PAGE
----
But The Guardians also believe that culturally appropriate Native American names, logos, and imagery can be an important and educational way to honor Native Americans, and to help public schools neutralize offensive and stereotypical Native American caricatures and iconography while teaching students and the general public about American Indian history, a history shared by all Americans. The law doesn’t attempt to differentiate between the two, sweeping the potentially good away with the bad.
The law reportedly would require at least 25 Colorado schools to change their school team names, and possibly more to change the name of the school itself. But in reality, because the law is poorly worded, it probably sweeps in numerous other schools that have Indian terms in their names, like the Cherokee Trail Cougars.
You can read the Complaint:
1. Imagine a state law that barred schools from using the name or image of an African-American individual on its logos or letterhead. That would be the end of school names honoring Martin Luther King Jr., President Barack Obama, or Justices Thurgood Marshall and Clarence Thomas…. [image in Complaint]
2. Or imagine a law banning school names and letterhead honoring Latin Americans like Cesar Chavez or Justice Sonya Sotomayor. [Image in Complaint] ….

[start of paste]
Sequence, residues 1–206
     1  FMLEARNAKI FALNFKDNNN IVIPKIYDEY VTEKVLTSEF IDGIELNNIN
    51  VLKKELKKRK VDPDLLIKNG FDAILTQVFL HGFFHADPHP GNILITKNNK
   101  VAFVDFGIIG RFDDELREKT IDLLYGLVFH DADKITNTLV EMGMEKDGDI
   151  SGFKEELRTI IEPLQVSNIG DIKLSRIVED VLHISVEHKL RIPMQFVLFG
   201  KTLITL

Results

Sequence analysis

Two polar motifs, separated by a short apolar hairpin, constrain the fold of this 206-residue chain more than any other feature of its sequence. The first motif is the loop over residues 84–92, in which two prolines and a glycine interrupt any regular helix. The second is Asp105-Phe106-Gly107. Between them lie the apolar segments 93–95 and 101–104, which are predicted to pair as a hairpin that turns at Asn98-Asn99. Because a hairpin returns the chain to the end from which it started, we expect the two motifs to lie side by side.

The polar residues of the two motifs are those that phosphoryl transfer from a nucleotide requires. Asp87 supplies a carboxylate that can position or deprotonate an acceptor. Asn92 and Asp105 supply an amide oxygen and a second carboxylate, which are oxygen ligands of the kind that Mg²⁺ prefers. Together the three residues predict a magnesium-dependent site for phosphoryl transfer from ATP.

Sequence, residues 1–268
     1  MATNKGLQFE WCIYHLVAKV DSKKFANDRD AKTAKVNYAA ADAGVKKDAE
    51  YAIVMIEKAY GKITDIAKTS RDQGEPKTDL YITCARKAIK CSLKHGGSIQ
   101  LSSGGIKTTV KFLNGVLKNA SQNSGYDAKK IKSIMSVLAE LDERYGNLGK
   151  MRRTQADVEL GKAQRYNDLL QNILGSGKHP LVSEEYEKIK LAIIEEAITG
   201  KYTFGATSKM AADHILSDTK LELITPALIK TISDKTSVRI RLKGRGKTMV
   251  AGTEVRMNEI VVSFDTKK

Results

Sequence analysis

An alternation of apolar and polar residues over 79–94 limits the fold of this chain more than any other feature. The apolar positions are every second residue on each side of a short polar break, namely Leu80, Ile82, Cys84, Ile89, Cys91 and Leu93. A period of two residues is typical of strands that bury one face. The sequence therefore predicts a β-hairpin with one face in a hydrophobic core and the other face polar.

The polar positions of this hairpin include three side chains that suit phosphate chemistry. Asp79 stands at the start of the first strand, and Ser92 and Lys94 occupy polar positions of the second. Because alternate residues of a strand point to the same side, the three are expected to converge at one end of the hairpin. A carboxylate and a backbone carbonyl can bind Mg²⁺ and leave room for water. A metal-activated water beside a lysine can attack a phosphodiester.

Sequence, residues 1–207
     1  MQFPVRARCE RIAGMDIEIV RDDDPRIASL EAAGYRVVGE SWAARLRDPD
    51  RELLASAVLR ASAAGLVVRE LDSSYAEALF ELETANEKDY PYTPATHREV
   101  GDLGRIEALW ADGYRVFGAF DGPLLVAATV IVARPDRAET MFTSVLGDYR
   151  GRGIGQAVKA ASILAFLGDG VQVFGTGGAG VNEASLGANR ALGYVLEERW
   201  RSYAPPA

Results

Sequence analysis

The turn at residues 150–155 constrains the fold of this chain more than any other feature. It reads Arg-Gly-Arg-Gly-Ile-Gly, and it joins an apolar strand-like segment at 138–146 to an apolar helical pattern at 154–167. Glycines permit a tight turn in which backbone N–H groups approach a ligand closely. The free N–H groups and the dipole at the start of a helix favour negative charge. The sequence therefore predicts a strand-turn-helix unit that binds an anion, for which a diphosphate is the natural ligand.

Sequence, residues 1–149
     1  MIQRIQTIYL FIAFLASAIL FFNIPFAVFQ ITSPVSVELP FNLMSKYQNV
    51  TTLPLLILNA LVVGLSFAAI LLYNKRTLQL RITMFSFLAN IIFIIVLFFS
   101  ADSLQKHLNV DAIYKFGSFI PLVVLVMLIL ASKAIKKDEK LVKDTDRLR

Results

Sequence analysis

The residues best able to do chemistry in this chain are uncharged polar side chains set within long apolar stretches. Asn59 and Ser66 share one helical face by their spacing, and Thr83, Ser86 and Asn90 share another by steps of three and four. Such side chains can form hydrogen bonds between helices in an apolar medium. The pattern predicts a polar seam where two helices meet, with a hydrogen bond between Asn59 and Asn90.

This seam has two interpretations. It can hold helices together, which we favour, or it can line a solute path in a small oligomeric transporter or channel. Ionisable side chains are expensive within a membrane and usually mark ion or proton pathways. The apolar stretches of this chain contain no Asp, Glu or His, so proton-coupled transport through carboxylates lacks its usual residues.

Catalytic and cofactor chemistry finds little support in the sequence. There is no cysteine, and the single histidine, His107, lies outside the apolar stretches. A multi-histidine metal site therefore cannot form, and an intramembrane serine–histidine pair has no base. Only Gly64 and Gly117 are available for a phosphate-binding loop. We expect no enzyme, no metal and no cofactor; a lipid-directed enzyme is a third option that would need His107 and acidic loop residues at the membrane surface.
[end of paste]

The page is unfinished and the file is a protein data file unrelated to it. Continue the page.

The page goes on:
4. Plaintiffs oppose the use of American Indian mascot performers and caricatures that mock Native American heritage—such as Lamar High School’s former mascot Chief Ugh-Lee or the Atlanta Braves’ former Native American caricature Chief Noc-A-Homa—in sports and other public venues.
5. Nevertheless, culturally appropriate Native American names, logos, and imagery serve to honor Native Americans, and to help public schools neutralize offensive and stereotypical Native American caricatures and iconography, while teaching students and the general public about American Indian history.
6. SB 21-116 sweeps derisive, neutral, and honorific uses of Native American names and imagery together into the universal term “American Indian mascot.” See, e.g., Colo. Rev. Stat. § 22-1-133(1)(a) (“‘American Indian mascot’ means a name, symbol, or image that depicts or refers to an American Indian tribe, individual, custom, or tradition that is used as a mascot, nickname, logo, letterhead, or team name for the school.”) (emphasis added).
7. Defining even honorific uses of Native American names or imagery as merely “mascots” is offensive to our sensibilities as a nation, which do not generally permit racial discrimination.
8. “[I]n a society in which [racial] lines are becoming more blurred, the attempt to define race-based categories also raises serious questions of its own. Government action that classifies individuals on the basis of race is inherently suspect and carries the danger of perpetuating the very racial divisions the polity seeks to transcend.” Schuette v. Coalition to Defend Affirmative Action, 572 U.S. 291, 308 (2014).
9. Erasing Native American names and images from the public square and from public discussions echoes a maneuver that Plaintiffs have previously seen used by the eradicators of Native American heritage. Colorado repeats the same mistake in its paternalistic assumption that it must protect Native Americans by erasing cultural references to them and to their heritage.
10. SB 21-116 unlawfully enacts state-sanctioned race discrimination against Plaintiffs.